Three key themes thread through each section of this profile: growth, diversity, and disparity. These themes provide an important framework for understanding the changes over the past two decades in the Eden Area and indicate the direction that the Area is moving towards in the future.
Between 1990 and 2010, the Eden Area grew rapidly. In 2010, an additional 26,167 people resided in the Eden Area – representing a 25% increase since 1990. This growth equates to more than the current population of San Lorenzo—the second most populous community in the Eden Area. This growth can also be seen in the built environment with 5,436 housing units being constructed over the same time period; the expansion of transportation infrastructure like interstate 238; and the development of formerly open spaces like Five Canyons and along Palomares Ridge.
It is projected that Alameda County’s population will continue to grow in the coming decades. The pattern of the past two decades indicates that the Eden Area will continue to grow as well.
Eden Area residents have become increasingly diverse in race and ethnicity. For the first time, the Area has a majority of residents who identified as people of color. This change is not only driven by the increased number of Asian and Hispanic or Latino residents, more than 20,000 people, but also by the significant decrease in the number of residents who identified as White, 15,512 people. This ethnic and racial diversity change affects several aspects of the community from the number of students who are English-learners to the composition of BART ridership.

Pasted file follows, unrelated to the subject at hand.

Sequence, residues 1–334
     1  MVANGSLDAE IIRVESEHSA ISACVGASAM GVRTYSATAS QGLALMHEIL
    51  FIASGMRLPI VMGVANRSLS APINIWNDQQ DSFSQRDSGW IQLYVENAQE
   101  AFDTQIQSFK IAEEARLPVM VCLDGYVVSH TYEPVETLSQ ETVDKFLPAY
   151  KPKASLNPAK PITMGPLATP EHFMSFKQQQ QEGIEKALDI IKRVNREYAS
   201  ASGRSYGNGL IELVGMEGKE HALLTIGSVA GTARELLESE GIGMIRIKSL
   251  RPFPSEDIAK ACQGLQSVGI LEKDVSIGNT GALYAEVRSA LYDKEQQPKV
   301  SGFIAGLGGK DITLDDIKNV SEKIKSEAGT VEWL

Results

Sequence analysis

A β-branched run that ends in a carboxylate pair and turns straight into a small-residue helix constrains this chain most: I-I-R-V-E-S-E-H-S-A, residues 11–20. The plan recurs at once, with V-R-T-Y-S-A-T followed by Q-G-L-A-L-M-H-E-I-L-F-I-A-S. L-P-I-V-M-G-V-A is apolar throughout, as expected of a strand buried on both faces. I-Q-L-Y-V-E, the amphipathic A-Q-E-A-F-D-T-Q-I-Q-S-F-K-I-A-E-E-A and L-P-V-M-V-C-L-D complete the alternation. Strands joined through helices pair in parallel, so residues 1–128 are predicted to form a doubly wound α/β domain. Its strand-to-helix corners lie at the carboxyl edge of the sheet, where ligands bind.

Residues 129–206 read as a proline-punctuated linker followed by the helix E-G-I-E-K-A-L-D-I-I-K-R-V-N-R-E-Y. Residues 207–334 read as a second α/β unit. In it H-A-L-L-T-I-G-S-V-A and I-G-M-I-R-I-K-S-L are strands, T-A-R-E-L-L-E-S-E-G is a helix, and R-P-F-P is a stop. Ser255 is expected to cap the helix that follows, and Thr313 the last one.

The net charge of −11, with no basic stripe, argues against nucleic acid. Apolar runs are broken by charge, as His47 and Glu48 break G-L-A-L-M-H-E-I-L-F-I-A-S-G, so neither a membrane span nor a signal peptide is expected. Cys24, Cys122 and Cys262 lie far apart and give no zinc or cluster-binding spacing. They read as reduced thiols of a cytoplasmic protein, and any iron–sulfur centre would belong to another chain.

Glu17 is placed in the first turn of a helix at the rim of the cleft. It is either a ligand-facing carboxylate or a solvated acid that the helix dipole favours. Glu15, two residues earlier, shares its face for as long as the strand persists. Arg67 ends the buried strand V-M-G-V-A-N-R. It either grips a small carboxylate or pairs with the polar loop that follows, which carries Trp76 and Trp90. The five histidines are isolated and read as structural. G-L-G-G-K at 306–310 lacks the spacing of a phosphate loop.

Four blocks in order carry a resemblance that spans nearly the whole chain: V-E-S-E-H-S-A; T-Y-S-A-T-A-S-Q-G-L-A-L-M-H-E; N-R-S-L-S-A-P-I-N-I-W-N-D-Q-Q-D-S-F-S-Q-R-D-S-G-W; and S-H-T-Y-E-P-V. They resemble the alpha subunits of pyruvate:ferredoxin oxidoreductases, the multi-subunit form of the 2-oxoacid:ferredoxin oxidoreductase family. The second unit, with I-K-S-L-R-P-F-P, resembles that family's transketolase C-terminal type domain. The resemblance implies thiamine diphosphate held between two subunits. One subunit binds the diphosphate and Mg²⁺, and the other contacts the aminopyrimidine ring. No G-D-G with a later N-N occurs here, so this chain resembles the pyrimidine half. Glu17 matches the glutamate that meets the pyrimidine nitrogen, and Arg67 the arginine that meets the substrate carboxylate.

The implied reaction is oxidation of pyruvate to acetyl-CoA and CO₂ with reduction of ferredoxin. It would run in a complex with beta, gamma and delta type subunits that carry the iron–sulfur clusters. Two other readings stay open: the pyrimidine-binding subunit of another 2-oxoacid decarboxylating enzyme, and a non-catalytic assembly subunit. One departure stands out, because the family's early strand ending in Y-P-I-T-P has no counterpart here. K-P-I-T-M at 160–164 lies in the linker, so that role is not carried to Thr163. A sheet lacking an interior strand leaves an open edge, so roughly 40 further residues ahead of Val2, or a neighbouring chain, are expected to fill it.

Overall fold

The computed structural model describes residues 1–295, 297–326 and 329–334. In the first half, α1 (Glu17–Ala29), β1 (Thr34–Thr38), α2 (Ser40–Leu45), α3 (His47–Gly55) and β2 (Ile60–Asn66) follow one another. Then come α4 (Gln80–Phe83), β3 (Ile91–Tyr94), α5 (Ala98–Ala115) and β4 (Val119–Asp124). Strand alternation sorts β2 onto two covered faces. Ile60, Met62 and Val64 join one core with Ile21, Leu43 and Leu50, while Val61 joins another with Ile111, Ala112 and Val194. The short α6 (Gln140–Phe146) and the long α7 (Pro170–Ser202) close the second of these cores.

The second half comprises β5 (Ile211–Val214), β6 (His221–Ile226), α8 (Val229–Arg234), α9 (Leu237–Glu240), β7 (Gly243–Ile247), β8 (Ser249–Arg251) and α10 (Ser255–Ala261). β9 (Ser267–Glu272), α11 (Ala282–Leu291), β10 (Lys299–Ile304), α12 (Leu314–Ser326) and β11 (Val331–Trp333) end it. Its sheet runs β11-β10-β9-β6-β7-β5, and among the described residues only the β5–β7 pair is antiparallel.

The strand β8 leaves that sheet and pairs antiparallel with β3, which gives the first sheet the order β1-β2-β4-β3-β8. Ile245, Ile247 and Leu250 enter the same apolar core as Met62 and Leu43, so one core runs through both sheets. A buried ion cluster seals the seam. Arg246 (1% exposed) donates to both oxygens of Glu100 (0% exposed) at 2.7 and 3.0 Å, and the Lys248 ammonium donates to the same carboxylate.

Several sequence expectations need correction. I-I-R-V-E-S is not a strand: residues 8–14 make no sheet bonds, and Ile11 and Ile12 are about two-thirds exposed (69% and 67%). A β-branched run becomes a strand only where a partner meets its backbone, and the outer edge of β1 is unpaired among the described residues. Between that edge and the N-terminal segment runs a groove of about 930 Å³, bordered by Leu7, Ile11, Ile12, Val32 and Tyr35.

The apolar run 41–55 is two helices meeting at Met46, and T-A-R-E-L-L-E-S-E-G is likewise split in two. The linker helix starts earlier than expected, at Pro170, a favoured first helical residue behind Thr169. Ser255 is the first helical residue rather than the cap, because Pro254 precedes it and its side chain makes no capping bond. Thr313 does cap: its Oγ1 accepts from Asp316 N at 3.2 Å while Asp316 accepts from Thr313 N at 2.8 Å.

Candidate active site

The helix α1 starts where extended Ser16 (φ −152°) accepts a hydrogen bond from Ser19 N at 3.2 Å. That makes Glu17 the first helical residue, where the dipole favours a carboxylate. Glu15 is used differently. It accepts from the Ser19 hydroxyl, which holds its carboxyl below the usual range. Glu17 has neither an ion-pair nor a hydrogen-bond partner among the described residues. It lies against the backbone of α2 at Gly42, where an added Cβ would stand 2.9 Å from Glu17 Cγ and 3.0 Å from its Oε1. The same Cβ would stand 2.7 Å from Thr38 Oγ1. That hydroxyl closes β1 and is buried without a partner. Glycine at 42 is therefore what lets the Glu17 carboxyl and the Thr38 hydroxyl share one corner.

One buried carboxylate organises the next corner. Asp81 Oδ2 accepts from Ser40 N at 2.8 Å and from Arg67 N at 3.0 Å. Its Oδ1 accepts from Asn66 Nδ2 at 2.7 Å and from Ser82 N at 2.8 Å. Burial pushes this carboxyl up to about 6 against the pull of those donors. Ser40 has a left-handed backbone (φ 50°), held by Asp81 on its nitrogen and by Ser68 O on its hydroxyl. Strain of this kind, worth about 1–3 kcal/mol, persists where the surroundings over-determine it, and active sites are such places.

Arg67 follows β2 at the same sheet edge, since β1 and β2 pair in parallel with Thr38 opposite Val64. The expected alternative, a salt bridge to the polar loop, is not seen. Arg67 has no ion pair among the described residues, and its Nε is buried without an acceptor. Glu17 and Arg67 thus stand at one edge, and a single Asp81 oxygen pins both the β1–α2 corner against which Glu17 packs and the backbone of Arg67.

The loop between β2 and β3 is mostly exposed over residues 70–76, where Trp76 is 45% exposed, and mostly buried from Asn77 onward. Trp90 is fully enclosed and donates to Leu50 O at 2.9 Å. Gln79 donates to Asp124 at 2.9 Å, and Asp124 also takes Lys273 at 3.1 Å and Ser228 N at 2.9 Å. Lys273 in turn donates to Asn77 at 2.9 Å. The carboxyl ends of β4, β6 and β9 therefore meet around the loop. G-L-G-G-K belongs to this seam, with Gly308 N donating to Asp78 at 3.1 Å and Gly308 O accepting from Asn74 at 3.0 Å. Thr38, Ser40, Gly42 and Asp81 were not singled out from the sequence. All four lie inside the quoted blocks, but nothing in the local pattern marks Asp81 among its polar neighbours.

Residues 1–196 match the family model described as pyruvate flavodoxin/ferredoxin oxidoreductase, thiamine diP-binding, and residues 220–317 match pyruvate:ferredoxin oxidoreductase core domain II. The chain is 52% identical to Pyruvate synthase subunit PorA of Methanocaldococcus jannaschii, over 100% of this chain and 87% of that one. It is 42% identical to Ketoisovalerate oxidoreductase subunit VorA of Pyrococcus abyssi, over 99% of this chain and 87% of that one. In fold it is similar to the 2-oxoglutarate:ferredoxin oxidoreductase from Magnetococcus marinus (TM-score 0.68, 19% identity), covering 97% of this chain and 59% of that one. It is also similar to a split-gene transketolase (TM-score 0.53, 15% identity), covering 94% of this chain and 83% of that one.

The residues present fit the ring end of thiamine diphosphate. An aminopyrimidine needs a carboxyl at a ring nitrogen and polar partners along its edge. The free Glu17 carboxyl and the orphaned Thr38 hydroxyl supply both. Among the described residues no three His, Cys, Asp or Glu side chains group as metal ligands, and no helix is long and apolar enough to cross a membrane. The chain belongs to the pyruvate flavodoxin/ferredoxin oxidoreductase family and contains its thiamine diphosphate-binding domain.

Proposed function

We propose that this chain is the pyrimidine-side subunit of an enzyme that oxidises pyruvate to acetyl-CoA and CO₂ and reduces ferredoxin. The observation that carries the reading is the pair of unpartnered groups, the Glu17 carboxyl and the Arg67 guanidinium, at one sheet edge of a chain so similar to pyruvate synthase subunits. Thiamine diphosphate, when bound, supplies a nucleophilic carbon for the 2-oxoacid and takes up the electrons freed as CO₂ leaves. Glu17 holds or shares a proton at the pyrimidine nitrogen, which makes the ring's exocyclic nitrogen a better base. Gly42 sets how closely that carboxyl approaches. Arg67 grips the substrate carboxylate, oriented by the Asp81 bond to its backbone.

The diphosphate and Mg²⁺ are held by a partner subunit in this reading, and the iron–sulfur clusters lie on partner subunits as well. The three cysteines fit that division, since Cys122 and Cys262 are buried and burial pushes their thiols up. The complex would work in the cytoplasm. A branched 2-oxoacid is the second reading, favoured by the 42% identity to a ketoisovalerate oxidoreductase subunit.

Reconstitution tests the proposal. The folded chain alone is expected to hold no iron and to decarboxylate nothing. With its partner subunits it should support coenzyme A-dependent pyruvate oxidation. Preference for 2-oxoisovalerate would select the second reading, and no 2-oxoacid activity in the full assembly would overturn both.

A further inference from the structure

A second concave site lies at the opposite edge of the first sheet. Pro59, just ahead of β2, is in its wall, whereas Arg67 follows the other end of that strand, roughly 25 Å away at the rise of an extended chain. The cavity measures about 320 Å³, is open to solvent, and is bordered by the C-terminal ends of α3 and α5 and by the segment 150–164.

There are significant disparities among the different communities and neighborhoods in the Eden Area. Whether it is household incomes, the safety of neighborhoods, educational attainment or public health data there is no single description of the Eden Area. This gap between Eden Area’s communities grew in the past two decades. For example, household incomes in Castro Valley were 59% higher than those in Ashland in 2000. In 2010, the difference was 72%. Employment projections suggest that this trend will continue in the coming decade.